Root canal treatment of four canals was completed by the author over two appointments with calcium hydroxide dressing for 30 days. The pulp was hyperemic on entry. No cracks were evident internally with the microscope. She was asymptomatic at the second appointment when the tooth was obturated and restored with a bonded composite resin. The tooth was taken out of occlusion at the first appointment in anticipation of a cuspal coverage restoration.
She returned 2 days later with spontaneous pain and tenderness from tooth No. 30. The occlusion was adjusted further, and she was prescribed a Medrol® Dose Pack (Pfizer), which relieved her symptoms.
She was back again 5 months later with spontaneous pain and tenderness. Because of periodic symptoms, she had not had any further restorative treatment on tooth No. 30. Testing confirmed tooth No. 30 was the source of her tenderness. A second CBCT scan indicated there were no untreated canals. The following options were discussed: retreatment, surgery, extraction, or no treatment and live with the symptoms. She opted for no further treatment at that point.
Six months later, she decided she was tired of “living with it.” Four canals were retreated. Calcium hydroxide was placed initially for a month, followed by 2 months of Ledermix. At each appointment, her symptoms had not improved. At the third appointment, a GentleWave cycle was run, the canals were obturated with gutta percha and a bioceramic cement, and the tooth was restored with a bonded composite resin. Once again, no cracks were visible internally. The author spoke to her several times over the succeeding months. She reported she improved after the last appointment, but “not 100%.” She said she chews on the tooth comfortably, but is still “aware of it” when she brushes or pushes on it with her tongue. She had a cuspal coverage restoration placed, and no further treatment is planned.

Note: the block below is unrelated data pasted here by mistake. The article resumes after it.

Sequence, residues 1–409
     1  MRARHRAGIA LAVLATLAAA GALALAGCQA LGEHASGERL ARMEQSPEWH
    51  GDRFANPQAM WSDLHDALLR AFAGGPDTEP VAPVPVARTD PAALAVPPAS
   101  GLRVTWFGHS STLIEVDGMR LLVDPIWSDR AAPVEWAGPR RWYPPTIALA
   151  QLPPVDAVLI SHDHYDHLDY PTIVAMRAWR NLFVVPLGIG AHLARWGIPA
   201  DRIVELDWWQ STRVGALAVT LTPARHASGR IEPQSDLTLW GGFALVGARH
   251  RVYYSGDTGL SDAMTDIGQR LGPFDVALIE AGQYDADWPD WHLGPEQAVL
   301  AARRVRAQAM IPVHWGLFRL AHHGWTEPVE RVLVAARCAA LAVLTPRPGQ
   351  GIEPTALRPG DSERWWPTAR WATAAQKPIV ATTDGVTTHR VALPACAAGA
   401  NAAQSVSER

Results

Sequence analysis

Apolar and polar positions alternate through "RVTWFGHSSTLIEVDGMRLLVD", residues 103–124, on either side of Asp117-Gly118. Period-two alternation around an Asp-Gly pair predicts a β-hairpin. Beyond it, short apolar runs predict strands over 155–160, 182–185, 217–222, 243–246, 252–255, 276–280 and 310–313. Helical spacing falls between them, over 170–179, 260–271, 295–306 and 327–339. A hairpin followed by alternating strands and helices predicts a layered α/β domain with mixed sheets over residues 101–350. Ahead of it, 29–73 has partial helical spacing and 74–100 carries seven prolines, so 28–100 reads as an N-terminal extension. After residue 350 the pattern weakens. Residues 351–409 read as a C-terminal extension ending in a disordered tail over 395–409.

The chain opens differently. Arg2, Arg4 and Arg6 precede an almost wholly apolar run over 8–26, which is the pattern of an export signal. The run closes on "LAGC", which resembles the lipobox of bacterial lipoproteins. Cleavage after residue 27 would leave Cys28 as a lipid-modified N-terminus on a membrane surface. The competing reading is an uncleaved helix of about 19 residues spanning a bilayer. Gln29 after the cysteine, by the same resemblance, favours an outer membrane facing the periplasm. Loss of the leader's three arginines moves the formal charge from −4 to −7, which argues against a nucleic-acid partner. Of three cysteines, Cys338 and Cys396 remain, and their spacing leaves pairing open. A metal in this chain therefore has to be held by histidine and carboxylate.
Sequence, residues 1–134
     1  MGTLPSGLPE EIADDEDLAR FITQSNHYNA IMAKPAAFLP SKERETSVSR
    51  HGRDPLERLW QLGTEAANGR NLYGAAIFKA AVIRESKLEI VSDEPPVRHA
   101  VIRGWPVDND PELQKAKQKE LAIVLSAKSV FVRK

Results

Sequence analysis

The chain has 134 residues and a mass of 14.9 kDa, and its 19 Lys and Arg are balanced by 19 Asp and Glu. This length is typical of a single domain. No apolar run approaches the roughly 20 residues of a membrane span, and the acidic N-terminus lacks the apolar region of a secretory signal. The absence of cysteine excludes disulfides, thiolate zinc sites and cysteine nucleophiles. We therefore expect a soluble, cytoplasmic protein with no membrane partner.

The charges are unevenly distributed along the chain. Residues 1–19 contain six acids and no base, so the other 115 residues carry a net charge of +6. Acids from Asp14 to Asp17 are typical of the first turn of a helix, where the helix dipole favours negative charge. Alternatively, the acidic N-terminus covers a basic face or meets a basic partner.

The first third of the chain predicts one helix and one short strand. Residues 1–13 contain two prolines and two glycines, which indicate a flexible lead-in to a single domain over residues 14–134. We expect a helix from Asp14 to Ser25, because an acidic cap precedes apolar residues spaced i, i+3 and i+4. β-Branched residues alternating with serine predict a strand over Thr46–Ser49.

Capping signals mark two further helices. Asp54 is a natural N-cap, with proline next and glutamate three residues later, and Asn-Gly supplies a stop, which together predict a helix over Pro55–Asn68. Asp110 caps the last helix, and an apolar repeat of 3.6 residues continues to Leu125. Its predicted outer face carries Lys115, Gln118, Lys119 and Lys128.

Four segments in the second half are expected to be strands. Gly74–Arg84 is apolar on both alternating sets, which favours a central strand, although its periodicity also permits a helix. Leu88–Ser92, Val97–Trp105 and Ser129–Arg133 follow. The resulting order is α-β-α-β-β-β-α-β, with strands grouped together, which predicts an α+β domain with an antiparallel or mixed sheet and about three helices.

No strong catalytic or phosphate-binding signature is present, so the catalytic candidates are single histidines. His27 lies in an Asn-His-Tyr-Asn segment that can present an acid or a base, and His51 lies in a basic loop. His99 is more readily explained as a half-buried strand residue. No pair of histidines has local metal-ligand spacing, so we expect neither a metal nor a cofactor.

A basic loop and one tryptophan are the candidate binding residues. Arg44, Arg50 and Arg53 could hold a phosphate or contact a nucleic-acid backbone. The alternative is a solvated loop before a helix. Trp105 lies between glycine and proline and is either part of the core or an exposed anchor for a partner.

This 37-year-old white female (Figure 2) had no significant medical issues. She reported her only prescription drug was for birth control and penicillin-caused hives. She presented with spontaneous pain, tenderness, and temperature sensitivity in the left mandible. Testing localized the tenderness to tooth No. 19. The cold sensitivity was localized to tooth No. 18, which was otherwise normal. The crown and RCT No. 19 were completed 2 months earlier by her general dentist. The diagnosis was previous root canal treatment and acute apical periodontitis. CBCT imaging suggested there were no untreated canals. We discussed the options: no treatment, extraction, or retreatment with the possibility of a cracked root. Surgery was not considered. She was younger than usual for a cracked tooth, but had excessive tooth wear for her age. She opted for retreatment. As an initial step, the heavy occlusion on the zirconia crown was adjusted, but after 3 weeks, there was no improvement in her symptoms. It was noted that the mesial and distal contacts were less than ideal.
Retreatment was initiated. No cracks were evident internally. The canals were fully prepared, and calcium hydroxide paste was placed. At 1 month, there was only slight improvement of her symptoms. The tooth was taken completely out of occlusion, the canals received additional instrumentation and irrigation, and were refilled with calcium hydroxide paste. A Medrol Dose Pack was prescribed. The next day the patient reported her tooth felt better, but the steroids made her feel “hot and mean.”